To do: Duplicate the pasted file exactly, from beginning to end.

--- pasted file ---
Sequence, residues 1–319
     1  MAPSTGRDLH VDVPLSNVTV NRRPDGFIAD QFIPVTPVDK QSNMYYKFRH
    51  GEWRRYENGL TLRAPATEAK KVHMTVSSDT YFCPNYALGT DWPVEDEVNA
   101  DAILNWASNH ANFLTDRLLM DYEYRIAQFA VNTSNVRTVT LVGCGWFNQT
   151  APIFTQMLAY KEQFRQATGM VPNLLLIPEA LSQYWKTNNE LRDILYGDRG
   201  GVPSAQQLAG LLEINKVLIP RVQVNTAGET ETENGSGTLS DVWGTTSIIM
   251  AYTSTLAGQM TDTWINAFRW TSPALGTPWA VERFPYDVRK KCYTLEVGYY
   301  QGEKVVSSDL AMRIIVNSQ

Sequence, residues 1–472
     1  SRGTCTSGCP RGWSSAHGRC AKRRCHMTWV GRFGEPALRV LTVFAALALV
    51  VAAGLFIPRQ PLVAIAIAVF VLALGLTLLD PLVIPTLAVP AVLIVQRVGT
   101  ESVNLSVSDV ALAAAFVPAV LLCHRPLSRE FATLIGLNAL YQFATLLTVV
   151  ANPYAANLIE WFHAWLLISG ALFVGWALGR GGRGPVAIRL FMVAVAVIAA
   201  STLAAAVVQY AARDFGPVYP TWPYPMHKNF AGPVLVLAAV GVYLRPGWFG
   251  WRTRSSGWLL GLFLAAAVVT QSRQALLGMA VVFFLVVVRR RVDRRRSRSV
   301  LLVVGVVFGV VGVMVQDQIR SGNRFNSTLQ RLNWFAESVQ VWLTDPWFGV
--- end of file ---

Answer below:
Sequence, residues 1–319
     1  MAPSTGRDLH VDVPLSNVTV NRRPDGFIAD QFIPVTPVDK QSNMYYKFRH
    51  GEWRRYENGL TLRAPATEAK KVHMTVSSDT YFCPNYALGT DWPVEDEVNA
   101  DAILNWASNH ANFLTDRLLM DYEYRIAQFA VNTSNVRTVT LVGCGWFNQT
   151  APIFTQMLAY KEQFRQATGM VPNLLLIPEA LSQYWKTNNE LRDILYGDRG
   201  GVPSAQQLAG LLEINKVLIP RVQVNTAGET ETENGSGTLS DVWGTTSIIM
   251  AYTSTLAGQM TDTWINAFRW TSPALGTPWA VERFPYDVRK KCYTLEVGYY
   301  QGEKVVSSDL AMRIIVNSQ

Sequence, residues 1–472
     1  SRGTCTSGCP RGWSSAHGRC AKRRCHMTWV GRFGEPALRV LTVFAALALV
    51  VAAGLFIPRQ PLVAIAIAVF VLALGLTLLD PLVIPTLAVP AVLIVQRVGT
   101  ESVNLSVSDV ALAAAFVPAV LLCHRPLSRE FATLIGLNAL YQFATLLTVV
   151  ANPYAANLIE WFHAWLLISG ALFVGWALGR GGRGPVAIRL FMVAVAVIAA
   201  STLAAAVVQY AARDFGPVYP TWPYPMHKNF AGPVLVLAAV GVYLRPGWFG
   251  WRTRSSGWLL GLFLAAAVVT QSRQALLGMA VVFFLVVVRR RVDRRRSRSV
   301  LLVVGVVFGV VGVMVQDQIR SGNRFNSTLQ RLNWFAESVQ VWLTDPWFGV